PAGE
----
Results: Our study included 149 patients with a median follow up time of 6.9 years (range 1.3 – 48.8) and a 10-year estimated overall survival of 99% (95% CI: 93 – 100%). Median age at diagnosis was 51 years (range 22 – 80) and most patients (n = 117, 78.5%) were male. A total of 138 (92.6%) had classical HCL and 11 (7.4%) had variant HCL. There was a total of 70 incidents of infection, with 52 patients (35%) experiencing at least one infection and 18 (12%) with a second infection. Forty-six infections (66%) were serious and 24 (34%) were opportunistic. Most infections were likely to be seen 2 months prior to (n = 10, 14%) or 2 months after (n=14, 20%) initial treatment. The cumulative incidence of infection increased during the 50 days after starting treatment (Figure 1). Based on infection site, clinical presentation, and/or laboratory findings, 36 infections (51%) were classified as bacterial, 14 (20%) were viral, 8 (11%) were fungal, and 1 was concurrent viral and bacterial. Eleven (16%) infections did not have a confirmed organism. Sixty-seven (96%) infection cases had resolved; the outcomes in 2 cases were unknown, and 1 case resulted in death. Organisms were confirmed in 38 cases and are listed in Table 1. We examined baseline factors that could be associated with increased risk of infection, including sex, age at diagnosis, variant histology, total number of HCL treatment courses, prior infection, and a palpable spleen at diagnosis: none of these were associated with increased risk. Using cladribine as a reference, no treatment agents (including newer, non-PNA therapies) were associated with lower or higher infection risk. Examining the PNAs specifically, treatment with pentostatin versus cladribine was not associated with a significant difference in infection incidence (HR 1.12, 95% CI: 0.48 – 2.63).

Conclusions: In our large institutional cohort of patients with HCL, a considerable fraction (35%) of patients experienced serious or opportunistic infections. The majority of these were in the 2 months before or after initial treatment. We did not identify any demographic or disease factors associated with infection, although this is limited by the small sample size. Notably, treatment with either cladribine or pentostatin was not associated with a significant difference in infection incidence.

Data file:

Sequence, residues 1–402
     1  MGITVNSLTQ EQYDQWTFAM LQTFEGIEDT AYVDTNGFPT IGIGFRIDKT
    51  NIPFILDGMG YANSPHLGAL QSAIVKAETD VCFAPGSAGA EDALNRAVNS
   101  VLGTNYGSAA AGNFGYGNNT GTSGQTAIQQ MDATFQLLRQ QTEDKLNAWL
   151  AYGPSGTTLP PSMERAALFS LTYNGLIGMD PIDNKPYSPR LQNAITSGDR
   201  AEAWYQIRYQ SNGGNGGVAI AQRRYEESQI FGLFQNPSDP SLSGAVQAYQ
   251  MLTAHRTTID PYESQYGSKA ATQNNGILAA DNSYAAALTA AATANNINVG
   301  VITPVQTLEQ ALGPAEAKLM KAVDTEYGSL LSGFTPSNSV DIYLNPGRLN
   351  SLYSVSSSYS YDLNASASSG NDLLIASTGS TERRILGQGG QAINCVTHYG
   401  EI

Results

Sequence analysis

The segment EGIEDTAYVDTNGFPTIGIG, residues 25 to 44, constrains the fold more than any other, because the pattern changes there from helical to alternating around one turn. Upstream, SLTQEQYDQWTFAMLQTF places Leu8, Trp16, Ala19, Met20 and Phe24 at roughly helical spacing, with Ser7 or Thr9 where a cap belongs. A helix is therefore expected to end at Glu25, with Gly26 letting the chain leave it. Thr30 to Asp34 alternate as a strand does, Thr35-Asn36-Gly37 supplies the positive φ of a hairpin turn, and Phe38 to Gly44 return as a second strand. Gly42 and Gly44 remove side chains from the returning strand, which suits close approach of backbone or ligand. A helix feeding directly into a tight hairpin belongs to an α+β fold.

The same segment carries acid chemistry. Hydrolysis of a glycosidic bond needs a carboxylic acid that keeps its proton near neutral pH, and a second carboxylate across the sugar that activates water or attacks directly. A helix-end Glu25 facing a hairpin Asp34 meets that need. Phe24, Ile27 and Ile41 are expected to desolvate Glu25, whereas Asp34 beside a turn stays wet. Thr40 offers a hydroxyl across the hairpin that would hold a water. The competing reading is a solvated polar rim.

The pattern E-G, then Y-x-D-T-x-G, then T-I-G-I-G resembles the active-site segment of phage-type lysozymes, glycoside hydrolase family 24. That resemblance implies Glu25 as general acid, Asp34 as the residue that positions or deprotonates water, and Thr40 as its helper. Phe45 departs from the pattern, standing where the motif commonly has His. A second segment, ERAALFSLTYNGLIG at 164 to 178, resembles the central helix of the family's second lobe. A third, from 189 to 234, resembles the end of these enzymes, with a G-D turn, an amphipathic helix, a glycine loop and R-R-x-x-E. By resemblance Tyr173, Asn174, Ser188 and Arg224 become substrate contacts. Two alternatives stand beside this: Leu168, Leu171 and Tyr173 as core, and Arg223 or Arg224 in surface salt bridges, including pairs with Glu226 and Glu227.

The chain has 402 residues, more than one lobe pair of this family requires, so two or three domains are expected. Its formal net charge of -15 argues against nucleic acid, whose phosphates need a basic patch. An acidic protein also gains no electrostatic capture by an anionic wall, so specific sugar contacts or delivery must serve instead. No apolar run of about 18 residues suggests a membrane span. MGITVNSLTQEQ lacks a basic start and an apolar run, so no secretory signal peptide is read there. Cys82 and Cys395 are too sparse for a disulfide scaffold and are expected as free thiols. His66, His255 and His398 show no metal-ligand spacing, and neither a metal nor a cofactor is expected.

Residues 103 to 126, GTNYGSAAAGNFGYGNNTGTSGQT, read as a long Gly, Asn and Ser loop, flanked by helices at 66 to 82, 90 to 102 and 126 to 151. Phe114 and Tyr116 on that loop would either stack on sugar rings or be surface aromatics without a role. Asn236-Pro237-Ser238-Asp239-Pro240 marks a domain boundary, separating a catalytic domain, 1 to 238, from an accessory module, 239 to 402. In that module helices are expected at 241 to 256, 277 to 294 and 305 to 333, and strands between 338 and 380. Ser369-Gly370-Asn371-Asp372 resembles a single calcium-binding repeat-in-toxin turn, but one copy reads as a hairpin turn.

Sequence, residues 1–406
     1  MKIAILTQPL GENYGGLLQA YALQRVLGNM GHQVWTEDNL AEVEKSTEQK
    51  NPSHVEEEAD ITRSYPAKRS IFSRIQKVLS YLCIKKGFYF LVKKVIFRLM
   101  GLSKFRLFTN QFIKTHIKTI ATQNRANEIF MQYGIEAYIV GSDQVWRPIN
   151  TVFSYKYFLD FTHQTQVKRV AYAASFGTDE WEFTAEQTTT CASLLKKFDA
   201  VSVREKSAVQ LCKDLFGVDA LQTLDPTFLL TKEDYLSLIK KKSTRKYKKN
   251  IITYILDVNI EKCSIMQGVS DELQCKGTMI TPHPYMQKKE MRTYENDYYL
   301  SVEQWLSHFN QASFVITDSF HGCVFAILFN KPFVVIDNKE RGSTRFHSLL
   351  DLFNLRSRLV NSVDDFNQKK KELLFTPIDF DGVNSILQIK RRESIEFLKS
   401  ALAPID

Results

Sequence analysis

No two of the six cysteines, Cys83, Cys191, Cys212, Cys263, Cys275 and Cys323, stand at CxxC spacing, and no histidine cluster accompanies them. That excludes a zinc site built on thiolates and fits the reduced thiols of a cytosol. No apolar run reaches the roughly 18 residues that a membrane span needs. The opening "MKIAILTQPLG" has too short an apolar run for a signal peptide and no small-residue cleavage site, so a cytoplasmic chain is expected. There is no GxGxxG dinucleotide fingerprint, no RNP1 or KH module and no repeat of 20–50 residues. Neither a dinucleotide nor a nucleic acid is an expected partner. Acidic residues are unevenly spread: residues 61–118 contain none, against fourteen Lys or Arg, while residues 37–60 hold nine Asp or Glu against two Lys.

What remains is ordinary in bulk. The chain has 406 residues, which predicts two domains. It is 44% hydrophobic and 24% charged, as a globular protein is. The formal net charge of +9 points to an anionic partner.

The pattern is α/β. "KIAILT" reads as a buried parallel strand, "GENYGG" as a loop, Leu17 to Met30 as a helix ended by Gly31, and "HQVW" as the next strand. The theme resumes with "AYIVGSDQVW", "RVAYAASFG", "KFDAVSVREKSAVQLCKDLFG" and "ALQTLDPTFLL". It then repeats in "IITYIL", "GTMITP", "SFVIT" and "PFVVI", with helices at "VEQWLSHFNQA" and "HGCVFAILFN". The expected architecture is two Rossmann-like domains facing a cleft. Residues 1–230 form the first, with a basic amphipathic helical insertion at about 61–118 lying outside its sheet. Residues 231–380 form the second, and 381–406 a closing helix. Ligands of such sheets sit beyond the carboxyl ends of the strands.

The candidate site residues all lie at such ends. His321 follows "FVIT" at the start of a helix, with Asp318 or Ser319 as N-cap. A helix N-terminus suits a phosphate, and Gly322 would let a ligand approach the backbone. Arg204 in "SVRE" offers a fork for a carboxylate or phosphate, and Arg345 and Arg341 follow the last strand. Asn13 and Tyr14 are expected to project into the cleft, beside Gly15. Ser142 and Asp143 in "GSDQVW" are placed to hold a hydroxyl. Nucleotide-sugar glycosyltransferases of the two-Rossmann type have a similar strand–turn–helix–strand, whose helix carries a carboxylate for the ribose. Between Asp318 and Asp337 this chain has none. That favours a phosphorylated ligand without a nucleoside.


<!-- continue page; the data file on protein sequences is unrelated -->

Disclosures: Kapoor: Hairy Cell Leukemia Foundation: Other: Principal Investigator. Blachly: KITE Pharma: Consultancy, Membership on an entity's Board of Directors or advisory committees; AbbVie: Consultancy, Membership on an entity's Board of Directors or advisory committees; Astellas: Consultancy, Membership on an entity's Board of Directors or advisory committees; MingSight Pharmaceuticals: Research Funding; AstraZeneca: Consultancy, Membership on an entity's Board of Directors or advisory committees; INNATE Pharma: Consultancy, Membership on an entity's Board of Directors or advisory committees. Epperla: Pharmacyclics: Other: Ad Board; Seattle Genetics: Other: Ad Board; BeiGene: Other: Ad Board; TG Therapeutics: Other: Ad Board; Novartis: Honoraria; Incyte: Speakers Bureau. Grever: AstraZeneca: Consultancy; Ascerta: Consultancy; Axio: Consultancy; Serono: Consultancy; Hairy Cell Leukemia Foundation: Membership on an entity's Board of Directors or advisory committees, Research Funding; Innate Pharma: Consultancy; Pharmacyclics: Consultancy. Rogers: Pharmacyclics: Consultancy; Innate Pharma: Consultancy; Janssen: Research Funding; Novartis: Research Funding; AstraZeneca: Consultancy, Other: Travel Funding; Beigene: Consultancy; AbbVie: Consultancy, Research Funding; Genentech: Consultancy, Research Funding.

*signifies non-member of ASH